Members of the public and many in public office discovered to their amazement or chagrin that they were dealing with a highly intelligent person who was extremely well informed about issues of public concern and clearly more than capable of articulating the needs and representing her community in Queensland’s State Parliament.

The general public for the first time, became aware of her as a trans person. At this time very few trans people lived their reality full time, an overwhelming majority of trans folk were forced to cross dress rather than transition.

People came to know Toye as a very decent, if somewhat extraordinary person whose life was beyond their experience.

Many also learned that perhaps the hidden demi monde of the homosexual had a relationship with their own family that they had never suspected.

In between opening and running bars, Toye worked with the Les Girls troupe in Kings Cross and was a star guest at numerous Queen’s Birthday Balls.

She was one of the first trans entertainers in Australia to sing in their own voice.

For more than forty years it would be difficult to conceive a single community cause that did not rely on Toye to endorse, promote, recruit or fundraise.

Toye was never on anyone’s payroll — she gave so fully of herself from her enormous heart. Everything she did, and still does, is done for, and with, love.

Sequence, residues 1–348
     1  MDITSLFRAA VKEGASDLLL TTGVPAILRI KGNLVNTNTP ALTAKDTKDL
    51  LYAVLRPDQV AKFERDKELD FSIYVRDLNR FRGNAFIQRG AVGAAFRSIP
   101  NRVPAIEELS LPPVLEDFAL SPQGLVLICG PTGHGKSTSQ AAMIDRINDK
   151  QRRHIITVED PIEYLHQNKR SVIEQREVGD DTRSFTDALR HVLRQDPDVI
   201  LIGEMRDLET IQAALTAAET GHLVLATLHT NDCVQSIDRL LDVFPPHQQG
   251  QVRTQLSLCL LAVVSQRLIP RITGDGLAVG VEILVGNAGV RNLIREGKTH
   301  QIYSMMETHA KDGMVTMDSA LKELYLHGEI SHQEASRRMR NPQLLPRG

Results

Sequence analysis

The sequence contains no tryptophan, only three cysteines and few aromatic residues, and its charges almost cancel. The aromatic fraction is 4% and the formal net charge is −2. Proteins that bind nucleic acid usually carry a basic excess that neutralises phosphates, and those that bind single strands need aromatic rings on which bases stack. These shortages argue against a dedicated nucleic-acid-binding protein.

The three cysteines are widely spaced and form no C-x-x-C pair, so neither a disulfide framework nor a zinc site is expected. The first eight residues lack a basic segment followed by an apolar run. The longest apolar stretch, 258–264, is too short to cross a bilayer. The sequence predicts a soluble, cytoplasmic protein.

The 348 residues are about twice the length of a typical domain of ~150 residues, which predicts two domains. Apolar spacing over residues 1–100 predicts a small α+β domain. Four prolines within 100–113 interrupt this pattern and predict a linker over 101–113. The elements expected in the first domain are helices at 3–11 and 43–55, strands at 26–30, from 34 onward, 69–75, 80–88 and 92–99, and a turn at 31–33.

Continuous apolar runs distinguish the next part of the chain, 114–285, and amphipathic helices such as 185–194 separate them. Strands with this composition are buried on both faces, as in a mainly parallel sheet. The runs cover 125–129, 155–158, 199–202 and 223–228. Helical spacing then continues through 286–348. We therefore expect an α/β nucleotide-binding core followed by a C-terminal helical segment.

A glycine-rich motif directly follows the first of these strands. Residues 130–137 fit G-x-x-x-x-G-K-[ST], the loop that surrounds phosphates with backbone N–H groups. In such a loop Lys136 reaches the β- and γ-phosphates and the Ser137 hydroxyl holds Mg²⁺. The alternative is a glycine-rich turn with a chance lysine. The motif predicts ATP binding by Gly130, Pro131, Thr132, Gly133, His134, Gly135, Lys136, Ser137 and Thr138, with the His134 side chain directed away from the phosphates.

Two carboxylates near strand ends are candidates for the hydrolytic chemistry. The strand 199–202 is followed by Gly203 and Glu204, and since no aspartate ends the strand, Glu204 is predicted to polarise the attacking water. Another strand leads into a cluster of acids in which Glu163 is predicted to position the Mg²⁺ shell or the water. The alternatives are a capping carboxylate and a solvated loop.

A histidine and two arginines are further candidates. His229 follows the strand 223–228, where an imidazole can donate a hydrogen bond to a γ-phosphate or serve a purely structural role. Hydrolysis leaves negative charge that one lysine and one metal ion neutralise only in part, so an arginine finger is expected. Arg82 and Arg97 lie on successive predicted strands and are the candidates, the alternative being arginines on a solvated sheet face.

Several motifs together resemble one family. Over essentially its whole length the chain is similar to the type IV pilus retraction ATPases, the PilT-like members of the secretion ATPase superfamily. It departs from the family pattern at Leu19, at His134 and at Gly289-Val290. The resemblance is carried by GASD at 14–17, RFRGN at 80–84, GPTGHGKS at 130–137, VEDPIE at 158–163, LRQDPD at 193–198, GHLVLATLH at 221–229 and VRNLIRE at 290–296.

I am perfectly aware of the effusiveness of the words chosen for this report. I do not regard them as overblown in the least.

I shamelessly intend conveying the fullness of my love and respect for a remarkable friend, Toye de Wilde.

I do not think it possible that anyone else in LGBTIQ Queensland history has been so universally loved and admired.

I cannot imagine that a single unkind word has ever been uttered by or about this unique woman.

No one I have spoken to has ever informed me of a report of bitterness or slander linked to her name. If there is ever to be a living example of how our lives should be lived it is hers.

A paean to a living treasure of Queensland

How fortunate are those who have known her,
how blessed are those who have been touched by her grace and compassion,
how light is the burden of those who come after her.
This woman is our saint.
We are privileged to witness the amazing Toye de Wilde
radiating serenity of spirit, calmness and clarity of mind
her words touch every listener’s soul,
generosity and sensitivity flow from her open heart
she inspires us to be better than we might have been.
For five decades community initiatives have enjoyed her patronage, her ethical advice, her enthusiastic and unstinting support
which lost soul has not been comforted by her warm embrace and sound advice?
We can only applaud and love you, Toye de Wilde … Mother of our Tribe